Of course, that is not a matter which comes in detail before this committee, but certainly it could well be recommended by your committee to the joint subcommittee of the Appropriations Committee on the District budget.

I do not believe that the burden for specifying where these economies can be found in the local government should rest upon the citizens. It is the duty and obligation of the officials of our city government to find where these curtailments of expenditures can best be made.

In addition to the curtailments of local expenditures, it is my firm belief that a broad view should be taken of the share which the Federal Government can properly bear of the cost of the operation of the National Capital.

When we consider that only a few short years ago it was provided by substantive law that the division of costs should be on a basis of 60 percent to be met by the local revenues, and 40 percent as being a proper share for the Federal Government to pay, it cannot be accepted without study that the Federal Government should now pay less than 10 percent as its share of the cost of its Capital.

Nuch depends upon the view which you gentlemen take of our National Capital. The entire burden can be left, if you wish, to the local citizens. If that is your desire, we will have a Capital City of which not much can be said in praise.

If, on the other hand, it is your desire that we have here a city worthy of the people, which represents a great people doing a great work throughout the world, then you will deal with it in a proper and just and broadminded manner.

Senator Cain. Mr. Kronheim, thank you for your statement.
Mr. KRONHEIM. Thank you, sir, for listening to me.

Senator Cain. It is a pleasure to listen to you. I think you suffer and share the same confusion that this joint committee shares and suffers. We want to continue to expand, do we not, services and facilities and things beautiful about this District; while, at the same time, we do not want to impose upon the people additional tax-raising methods from which will come revenue sufficient to do this job.

Outside of your contribution, and it is a sturily one, that the Federal Government should return to an approximate division of contribution, as was true some years ago, you rather maintain that we should not encourage any considerable portion of this tax-revenue program. That is about it, is it not?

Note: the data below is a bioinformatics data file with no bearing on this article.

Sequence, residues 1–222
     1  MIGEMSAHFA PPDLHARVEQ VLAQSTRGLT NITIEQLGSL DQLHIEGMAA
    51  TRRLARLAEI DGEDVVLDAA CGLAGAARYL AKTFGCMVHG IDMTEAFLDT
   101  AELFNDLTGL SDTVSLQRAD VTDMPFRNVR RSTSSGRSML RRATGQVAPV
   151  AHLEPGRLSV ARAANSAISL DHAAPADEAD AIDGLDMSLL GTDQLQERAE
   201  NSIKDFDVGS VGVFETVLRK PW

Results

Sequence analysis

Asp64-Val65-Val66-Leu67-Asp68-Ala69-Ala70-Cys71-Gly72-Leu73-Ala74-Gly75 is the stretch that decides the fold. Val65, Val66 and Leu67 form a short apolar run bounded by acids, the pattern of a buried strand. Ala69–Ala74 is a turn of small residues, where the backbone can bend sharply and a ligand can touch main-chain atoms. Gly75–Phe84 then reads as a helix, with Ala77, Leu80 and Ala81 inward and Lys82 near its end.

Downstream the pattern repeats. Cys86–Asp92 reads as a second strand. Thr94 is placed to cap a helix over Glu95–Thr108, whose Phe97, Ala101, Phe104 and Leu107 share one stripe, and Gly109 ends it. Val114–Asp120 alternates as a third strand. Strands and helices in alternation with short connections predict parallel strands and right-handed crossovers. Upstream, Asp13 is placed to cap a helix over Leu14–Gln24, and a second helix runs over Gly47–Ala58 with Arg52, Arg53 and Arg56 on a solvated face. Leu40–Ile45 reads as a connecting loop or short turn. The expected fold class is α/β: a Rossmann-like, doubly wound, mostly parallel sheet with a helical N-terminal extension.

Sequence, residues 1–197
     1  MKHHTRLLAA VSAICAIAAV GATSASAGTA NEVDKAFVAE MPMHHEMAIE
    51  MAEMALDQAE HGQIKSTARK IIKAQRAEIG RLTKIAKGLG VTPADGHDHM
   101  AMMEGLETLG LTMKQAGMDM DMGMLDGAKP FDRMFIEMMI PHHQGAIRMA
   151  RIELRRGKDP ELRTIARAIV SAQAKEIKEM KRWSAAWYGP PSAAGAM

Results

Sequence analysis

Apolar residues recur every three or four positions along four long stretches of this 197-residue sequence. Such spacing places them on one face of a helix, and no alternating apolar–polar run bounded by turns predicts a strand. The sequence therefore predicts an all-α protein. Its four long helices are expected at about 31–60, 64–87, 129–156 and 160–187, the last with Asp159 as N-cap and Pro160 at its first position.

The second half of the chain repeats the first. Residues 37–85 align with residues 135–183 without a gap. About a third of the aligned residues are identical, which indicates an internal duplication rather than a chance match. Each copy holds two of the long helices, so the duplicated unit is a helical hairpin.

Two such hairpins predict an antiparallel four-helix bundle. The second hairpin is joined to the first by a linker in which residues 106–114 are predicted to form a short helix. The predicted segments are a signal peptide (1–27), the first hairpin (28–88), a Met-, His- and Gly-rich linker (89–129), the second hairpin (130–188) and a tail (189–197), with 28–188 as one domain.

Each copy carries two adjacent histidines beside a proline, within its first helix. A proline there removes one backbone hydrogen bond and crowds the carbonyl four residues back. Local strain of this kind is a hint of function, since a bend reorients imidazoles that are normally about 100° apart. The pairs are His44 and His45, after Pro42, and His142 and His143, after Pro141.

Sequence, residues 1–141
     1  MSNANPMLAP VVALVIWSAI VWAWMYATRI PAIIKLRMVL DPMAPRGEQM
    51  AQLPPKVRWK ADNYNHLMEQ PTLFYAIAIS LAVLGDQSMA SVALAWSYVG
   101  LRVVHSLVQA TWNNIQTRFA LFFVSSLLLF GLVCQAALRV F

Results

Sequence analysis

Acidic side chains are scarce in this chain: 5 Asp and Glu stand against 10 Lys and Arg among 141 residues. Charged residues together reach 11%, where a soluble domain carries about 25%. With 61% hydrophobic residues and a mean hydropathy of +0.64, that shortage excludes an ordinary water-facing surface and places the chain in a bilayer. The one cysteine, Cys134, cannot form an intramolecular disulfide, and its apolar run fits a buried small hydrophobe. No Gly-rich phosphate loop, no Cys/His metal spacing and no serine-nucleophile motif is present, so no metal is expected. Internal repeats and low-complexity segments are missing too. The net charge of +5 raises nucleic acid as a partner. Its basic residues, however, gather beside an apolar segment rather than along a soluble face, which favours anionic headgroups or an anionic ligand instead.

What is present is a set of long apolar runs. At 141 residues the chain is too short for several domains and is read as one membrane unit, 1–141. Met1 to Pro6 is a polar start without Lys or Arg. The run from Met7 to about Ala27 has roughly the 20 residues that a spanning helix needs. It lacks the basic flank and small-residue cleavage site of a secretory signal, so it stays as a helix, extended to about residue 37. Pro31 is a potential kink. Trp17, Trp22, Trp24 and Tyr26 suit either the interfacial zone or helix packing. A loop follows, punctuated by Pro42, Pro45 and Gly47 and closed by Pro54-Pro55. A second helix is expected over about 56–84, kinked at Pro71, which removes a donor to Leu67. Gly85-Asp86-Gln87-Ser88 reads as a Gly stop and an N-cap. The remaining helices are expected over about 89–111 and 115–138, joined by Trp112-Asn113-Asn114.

Mr. KRONHEIM. At this time.

Senator Cain. Well, I think you are perfectly within your rights to make that statement. It helps our thinking.

Mr. KRONHEIM. I would have gone more into detail on the alcoholic side of the question, but Mr. Donahue, counsel for the liquor dealers, will make a more detailed statement.

Senator Caix. You had a gentleman who, I suppose, represented your association the other day, but who spoke very ably

Mr. KRONHEIM. No, he represented the retailers on that one group. Mr. Donahue represents another group.

Senator CAIN. Both the retailers and wholesalers.
Mr. KRONHEIM. That is right.
Senator Cain. It is sort of surrounding tactics.
Mr. KRONHEIM. That is right. He will be here at the proper time. .
Senator Cain. We enjoyed your remarks, Mr. Kronheim.
Mr. KRONHEIM. Thank you, Senator.

Senator Cain. Mr. Kenneth P. Armstrong, we would very much appreciate it if you would come to us. He is the chairman of the Committee on Fiscal Relations and Taxation of the Federation of Citizens Associations of the District of Columbia.

If you will merely, sir, confirm that title as I have read it, and then proceed in your own way, we will be grateful.

[ocr errors]

STATEMENT OF KENNETH P. ARMSTRONG, CHAIRMAN, COMMITTEE ON FISCAL RELATIONS AND TAXATION, FEDERATION OF CITIZENS ASSOCIATIONS OF THE DISTRICT OF COLUMBIA, WASHINGTON, D. C.

Mr. ARMSTRONG. That is correct, sir. My name is Kenneth P. Armstrong, and I live at 1810 Shepherd Street NE. I have resided in the District of Columbia for 31 years, and for substantially all of that time I have been active in civic affairs.

I do not believe we are permitted to have residence in the National Capital with that objective in view.

The local citizen can readily avoid most, if not all, of the taxes proposed. He will do so by continuing the unfortunate trend of recent years of moving into neighboring areas where such taxes are not levied. We will, therefore, create instead of the beautiful city which is our objective, a slum area existing around the beautiful buildings which the National Government has built or is building in this specially designated area.

I ask you to believe that I speak in all sincerity when I plead with you not to foster this growing condition.

The fact that my personal business would be adversely affected may admittedly color my views as to the alcoholic beverage tax increase; but I feel the same about the other measures.

I think it would be unfair for me to come here and attack this revenue program without leaving with you gentlemen some suggestions as to how the condition may be met. I realize that the suggestion which I shall make may already have occurred to you or may have been submitted by others. It seems to me to be readily apparent.